FAIRBANKS, Alaska (AP) — Hundreds of people gathered on the University of Alaska Fairbanks campus Saturday to remember professor and theater director Lee Harvey Salisbury.
The more-than-two-hour memorial service drew friends, family, musicians, colleagues, even politicians. The group met in the theater named after Salisbury, who pushed for its construction in the 1960s.
Salisbury, who launched the school’s drama program in the 1950s, died in March. He was 87.
During his time at the university, Salisbury taught speech and radio, acted in or directed more than 100 plays, was instrumental in getting the theater built and helped establish KUAC public radio.
He was “funny, witty, provocative, outrageous and a master raconteur,” said musician Nick Bosek.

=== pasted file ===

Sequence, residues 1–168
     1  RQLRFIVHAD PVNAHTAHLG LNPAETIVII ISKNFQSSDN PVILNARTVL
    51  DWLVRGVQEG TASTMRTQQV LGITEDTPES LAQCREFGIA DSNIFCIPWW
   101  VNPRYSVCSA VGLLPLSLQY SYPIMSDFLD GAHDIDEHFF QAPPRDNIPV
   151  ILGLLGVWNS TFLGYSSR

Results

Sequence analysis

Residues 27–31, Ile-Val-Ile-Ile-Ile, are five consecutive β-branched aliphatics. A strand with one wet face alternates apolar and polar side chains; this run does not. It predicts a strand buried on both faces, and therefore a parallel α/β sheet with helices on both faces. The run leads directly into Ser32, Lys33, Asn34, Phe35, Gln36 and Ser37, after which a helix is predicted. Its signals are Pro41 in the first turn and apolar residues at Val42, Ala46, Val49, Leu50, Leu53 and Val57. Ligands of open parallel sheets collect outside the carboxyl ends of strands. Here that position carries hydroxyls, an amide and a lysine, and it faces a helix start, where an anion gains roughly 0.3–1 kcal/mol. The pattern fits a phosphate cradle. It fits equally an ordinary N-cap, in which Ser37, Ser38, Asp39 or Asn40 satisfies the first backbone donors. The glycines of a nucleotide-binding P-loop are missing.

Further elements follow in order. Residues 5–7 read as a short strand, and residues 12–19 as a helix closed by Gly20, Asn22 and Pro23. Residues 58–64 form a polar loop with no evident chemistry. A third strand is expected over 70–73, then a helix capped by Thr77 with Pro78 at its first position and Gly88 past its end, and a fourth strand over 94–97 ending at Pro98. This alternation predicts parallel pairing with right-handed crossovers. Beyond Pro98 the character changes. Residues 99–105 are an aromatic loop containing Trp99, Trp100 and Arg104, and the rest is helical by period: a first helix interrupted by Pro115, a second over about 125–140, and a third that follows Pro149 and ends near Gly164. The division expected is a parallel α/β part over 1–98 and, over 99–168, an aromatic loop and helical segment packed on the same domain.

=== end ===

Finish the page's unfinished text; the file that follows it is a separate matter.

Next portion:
In one of the day’s several performances, Bosek joined two other musicians to play “The Girl from Ipanema.” Salisbury often requested the song when Bosek performed at a Fairbanks bar in the 1980s, he said.
Eulogist Merritt Helfferich started the evening on a lighthearted note when he took the podium in costume and introduced himself as an “old trapper.”
He spoke affectionately about Salisbury, calling him a “supportive and kind” director.
State Rep. Adam Wool also took the stage, presenting a commendation honoring the director on behalf of the Alaska Legislature.
When Wool met Salisbury, he felt like he “knew him well, all of a sudden.”
Salisbury’s daughter Kate Egowa and long-time friends Ronan Short and Paul Quist remembered the man fondly, describing him as kind, warm-hearted and fun.
He was “an equal opportunity iconoclast” who loved “clean jokes, dirty jokes, religious jokes,” said Short, who delighted the audience with a selection of them.